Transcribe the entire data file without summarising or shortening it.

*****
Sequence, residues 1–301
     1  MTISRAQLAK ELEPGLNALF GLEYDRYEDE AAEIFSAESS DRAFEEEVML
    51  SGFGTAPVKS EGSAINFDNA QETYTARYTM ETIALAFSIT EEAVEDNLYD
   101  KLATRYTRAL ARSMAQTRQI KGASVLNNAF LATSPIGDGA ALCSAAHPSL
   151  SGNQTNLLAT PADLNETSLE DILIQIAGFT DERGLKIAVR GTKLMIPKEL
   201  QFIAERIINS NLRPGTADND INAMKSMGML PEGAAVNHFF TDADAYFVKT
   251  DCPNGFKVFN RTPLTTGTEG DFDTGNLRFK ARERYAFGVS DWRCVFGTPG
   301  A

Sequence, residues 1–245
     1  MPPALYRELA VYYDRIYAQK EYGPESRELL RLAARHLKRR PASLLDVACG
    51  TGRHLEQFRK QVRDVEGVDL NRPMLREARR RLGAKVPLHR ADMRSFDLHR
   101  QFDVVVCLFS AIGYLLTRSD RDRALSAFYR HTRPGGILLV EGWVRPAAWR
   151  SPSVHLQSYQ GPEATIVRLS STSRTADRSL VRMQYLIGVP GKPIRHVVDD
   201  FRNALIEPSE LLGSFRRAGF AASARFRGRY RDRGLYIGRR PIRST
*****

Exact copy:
Sequence, residues 1–301
     1  MTISRAQLAK ELEPGLNALF GLEYDRYEDE AAEIFSAESS DRAFEEEVML
    51  SGFGTAPVKS EGSAINFDNA QETYTARYTM ETIALAFSIT EEAVEDNLYD
   101  KLATRYTRAL ARSMAQTRQI KGASVLNNAF LATSPIGDGA ALCSAAHPSL
   151  SGNQTNLLAT PADLNETSLE DILIQIAGFT DERGLKIAVR GTKLMIPKEL
   201  QFIAERIINS NLRPGTADND INAMKSMGML PEGAAVNHFF TDADAYFVKT
   251  DCPNGFKVFN RTPLTTGTEG DFDTGNLRFK ARERYAFGVS DWRCVFGTPG
   301  A

Sequence, residues 1–245
     1  MPPALYRELA VYYDRIYAQK EYGPESRELL RLAARHLKRR PASLLDVACG
    51  TGRHLEQFRK QVRDVEGVDL NRPMLREARR RLGAKVPLHR ADMRSFDLHR
   101  QFDVVVCLFS AIGYLLTRSD RDRALSAFYR HTRPGGILLV EGWVRPAAWR
   151  SPSVHLQSYQ GPEATIVRLS STSRTADRSL VRMQYLIGVP GKPIRHVVDD
   201  FRNALIEPSE LLGSFRRAGF AASARFRGRY RDRGLYIGRR PIRST